A busload of strangers seemingly become the last humans on Earth after an unexplained apocalyptic event erases all signs of human life in this midnight movie blowout from Hong Kong cult director Fruit Chan. As the group of survivors explore the city and propose theories on what happened, they begin to realize that without laws or rules, the biggest threat they could be facing is themselves.
Huge shots of the empty streets of Tai Po show off some serious production value, but it’s the use of mixed source lighting that impresses the most. Fluorescents and street lights desaturate and add grit to the image while the neon lights of Hong Kong push through with vivid pinks, blues, and reds.
The empty street photography is impressive and proves no desired shot was left out due to budget constraints. B-movie gore effects and tons of wild touches (a character spits nut casings into the camera lens at one point) make this a perfect addition to the After Dark competition at the Chicago International Film Festival, but I’m not sure how it would fit in with a wider release to the unsuspecting public.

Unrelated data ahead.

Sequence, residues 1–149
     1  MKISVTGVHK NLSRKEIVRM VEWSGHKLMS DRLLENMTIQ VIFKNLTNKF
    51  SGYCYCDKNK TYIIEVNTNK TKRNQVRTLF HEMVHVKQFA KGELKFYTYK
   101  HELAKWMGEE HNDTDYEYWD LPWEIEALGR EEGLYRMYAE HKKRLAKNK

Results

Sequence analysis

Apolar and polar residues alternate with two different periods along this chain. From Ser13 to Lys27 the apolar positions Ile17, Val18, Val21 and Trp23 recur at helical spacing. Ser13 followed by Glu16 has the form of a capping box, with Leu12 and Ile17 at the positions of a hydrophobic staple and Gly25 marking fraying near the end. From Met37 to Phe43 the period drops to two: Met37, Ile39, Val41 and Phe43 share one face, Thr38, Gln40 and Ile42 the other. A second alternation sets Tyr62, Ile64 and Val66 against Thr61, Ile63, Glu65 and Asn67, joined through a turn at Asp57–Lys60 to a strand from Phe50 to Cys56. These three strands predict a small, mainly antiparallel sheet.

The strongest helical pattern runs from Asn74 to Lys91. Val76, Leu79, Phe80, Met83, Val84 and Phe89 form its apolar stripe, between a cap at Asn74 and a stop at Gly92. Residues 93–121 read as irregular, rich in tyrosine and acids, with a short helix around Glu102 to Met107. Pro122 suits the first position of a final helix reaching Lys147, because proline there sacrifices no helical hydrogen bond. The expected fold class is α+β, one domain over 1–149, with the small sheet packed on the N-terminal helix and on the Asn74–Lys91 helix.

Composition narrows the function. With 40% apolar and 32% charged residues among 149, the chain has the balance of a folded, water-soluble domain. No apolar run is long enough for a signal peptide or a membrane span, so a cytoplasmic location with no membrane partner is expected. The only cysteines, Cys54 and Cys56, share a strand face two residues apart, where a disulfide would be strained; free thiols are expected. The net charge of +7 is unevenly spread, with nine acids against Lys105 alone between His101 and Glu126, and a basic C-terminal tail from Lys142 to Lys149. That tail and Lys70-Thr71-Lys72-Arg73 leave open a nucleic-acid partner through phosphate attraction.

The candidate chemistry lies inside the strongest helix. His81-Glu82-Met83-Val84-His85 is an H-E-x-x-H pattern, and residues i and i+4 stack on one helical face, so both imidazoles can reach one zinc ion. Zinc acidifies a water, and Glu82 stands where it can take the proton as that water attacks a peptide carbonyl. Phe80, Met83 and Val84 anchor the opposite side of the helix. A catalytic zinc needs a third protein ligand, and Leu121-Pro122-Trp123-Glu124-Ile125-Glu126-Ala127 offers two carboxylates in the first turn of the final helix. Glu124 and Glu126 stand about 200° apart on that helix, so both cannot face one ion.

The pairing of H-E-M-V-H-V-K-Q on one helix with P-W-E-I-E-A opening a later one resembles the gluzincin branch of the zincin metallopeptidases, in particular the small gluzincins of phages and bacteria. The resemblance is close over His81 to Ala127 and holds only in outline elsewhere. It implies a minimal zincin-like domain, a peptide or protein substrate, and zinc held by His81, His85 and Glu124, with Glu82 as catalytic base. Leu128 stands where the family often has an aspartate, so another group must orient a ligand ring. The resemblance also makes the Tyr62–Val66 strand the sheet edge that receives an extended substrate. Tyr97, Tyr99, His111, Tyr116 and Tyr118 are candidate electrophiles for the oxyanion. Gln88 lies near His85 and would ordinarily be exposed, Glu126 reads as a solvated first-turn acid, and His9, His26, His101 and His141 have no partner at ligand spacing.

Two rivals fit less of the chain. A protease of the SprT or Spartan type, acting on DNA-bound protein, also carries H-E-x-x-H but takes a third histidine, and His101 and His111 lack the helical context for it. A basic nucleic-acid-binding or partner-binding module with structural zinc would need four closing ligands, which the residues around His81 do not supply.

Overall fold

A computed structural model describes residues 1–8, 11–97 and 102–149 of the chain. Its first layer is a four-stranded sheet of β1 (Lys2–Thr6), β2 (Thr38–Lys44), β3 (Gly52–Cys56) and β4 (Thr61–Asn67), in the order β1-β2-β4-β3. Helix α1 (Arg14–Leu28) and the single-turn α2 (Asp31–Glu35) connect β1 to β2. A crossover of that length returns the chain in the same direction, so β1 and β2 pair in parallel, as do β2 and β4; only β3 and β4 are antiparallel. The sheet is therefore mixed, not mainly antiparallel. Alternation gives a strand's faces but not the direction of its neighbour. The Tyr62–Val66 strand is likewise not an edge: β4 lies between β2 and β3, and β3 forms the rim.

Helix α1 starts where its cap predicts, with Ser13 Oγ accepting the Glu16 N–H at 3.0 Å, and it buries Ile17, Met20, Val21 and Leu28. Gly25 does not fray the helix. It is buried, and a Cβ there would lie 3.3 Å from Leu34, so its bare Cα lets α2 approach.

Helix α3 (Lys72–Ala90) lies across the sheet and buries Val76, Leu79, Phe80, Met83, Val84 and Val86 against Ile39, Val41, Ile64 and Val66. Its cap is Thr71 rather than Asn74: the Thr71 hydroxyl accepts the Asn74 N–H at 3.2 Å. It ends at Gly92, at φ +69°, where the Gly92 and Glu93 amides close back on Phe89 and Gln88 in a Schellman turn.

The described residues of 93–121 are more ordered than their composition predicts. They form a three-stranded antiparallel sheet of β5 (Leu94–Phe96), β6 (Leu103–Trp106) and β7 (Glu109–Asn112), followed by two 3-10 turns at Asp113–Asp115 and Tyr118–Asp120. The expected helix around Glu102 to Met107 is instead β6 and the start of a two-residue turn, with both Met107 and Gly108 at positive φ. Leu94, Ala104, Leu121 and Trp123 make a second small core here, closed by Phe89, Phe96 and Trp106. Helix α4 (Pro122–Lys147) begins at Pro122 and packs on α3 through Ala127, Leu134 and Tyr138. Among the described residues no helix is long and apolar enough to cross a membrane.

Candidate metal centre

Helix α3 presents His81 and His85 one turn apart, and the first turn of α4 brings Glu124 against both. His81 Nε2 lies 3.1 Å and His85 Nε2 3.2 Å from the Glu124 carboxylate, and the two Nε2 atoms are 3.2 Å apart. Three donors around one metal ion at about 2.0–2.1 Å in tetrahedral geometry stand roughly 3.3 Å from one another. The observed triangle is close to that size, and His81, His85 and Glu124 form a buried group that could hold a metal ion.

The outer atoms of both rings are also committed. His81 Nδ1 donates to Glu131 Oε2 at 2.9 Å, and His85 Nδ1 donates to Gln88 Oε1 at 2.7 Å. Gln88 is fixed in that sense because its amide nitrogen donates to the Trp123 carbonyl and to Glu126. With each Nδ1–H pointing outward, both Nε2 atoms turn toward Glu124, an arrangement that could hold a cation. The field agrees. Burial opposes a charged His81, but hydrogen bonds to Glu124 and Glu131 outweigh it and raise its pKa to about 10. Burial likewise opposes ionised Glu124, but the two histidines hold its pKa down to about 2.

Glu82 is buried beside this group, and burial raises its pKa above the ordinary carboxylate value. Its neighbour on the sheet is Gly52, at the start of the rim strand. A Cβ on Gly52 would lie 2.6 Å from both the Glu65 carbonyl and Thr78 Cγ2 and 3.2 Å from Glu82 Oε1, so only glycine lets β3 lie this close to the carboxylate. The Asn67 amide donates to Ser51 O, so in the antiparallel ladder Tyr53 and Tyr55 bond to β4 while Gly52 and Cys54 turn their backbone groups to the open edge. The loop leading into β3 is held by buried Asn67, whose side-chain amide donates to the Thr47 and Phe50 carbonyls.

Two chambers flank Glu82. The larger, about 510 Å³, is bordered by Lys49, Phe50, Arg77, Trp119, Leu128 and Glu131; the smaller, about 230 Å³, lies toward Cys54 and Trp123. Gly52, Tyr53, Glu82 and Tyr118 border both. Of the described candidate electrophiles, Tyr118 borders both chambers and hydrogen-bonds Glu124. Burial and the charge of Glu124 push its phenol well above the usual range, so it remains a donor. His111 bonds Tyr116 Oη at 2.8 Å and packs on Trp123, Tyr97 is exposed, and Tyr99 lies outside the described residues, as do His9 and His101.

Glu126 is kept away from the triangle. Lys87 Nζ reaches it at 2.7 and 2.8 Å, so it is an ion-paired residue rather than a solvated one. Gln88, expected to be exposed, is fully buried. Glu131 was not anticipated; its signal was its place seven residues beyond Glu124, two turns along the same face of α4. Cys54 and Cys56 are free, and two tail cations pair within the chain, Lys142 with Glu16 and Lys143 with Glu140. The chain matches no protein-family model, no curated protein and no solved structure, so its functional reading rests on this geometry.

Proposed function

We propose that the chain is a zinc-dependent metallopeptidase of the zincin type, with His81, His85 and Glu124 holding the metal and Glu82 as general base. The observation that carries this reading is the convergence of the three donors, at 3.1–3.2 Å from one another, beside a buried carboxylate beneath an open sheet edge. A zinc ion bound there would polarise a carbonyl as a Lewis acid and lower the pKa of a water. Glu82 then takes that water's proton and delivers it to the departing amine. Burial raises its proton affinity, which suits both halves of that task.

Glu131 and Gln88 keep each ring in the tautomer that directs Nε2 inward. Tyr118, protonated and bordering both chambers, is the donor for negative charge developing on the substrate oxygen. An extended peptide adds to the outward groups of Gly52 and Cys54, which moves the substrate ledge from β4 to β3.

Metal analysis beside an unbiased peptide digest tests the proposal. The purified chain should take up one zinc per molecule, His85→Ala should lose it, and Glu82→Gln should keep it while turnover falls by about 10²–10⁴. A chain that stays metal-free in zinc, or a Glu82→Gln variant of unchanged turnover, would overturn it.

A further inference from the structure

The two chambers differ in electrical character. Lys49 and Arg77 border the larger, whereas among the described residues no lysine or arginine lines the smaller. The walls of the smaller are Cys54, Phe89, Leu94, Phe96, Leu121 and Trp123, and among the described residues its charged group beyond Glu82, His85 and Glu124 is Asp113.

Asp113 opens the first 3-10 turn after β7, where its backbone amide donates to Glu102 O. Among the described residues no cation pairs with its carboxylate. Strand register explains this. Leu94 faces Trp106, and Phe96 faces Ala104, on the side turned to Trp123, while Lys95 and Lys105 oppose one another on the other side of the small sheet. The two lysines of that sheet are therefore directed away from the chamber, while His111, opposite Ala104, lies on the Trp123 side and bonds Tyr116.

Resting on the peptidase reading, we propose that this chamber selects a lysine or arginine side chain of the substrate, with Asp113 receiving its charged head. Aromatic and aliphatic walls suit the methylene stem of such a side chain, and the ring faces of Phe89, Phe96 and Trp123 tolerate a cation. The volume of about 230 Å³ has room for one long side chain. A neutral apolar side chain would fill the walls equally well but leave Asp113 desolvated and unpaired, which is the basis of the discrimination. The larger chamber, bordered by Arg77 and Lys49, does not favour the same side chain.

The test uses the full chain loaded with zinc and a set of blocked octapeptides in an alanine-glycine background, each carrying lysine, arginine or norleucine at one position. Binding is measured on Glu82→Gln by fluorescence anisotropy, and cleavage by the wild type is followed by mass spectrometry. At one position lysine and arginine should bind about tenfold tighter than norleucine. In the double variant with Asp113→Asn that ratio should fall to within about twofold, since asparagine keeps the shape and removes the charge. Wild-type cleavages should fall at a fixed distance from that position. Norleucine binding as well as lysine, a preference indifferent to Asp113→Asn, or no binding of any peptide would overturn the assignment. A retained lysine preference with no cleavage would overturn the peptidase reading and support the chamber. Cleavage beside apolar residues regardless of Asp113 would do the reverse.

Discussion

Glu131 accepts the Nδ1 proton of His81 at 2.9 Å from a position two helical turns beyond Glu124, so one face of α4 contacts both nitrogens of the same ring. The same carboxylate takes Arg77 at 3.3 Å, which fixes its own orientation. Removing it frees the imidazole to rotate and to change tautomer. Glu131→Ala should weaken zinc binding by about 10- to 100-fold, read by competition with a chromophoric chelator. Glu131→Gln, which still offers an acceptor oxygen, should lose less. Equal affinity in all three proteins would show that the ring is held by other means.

A sagging stretch of dialogue (and an insane, random break for a character to sing Bowie’s “Space Oddity”) pads the runtime unnecessarily to two hours, but “The Midnight After” will be a ton of fun at any late night showing with a packed audience.
6.5 out of 10 pointsReturn to CIFF 2014 Coverage
Cantonese, Japanese, English
2 hr. 4 min.
Comedy, Mystery, Thriller
You-Nam Wong, Janice Man, Simon Yam, Kara Hui, Tien You Chui, Suet Lam, Goo-Bi GC, Shing-Cheung Lee, Sam Lee, Cherry Ngan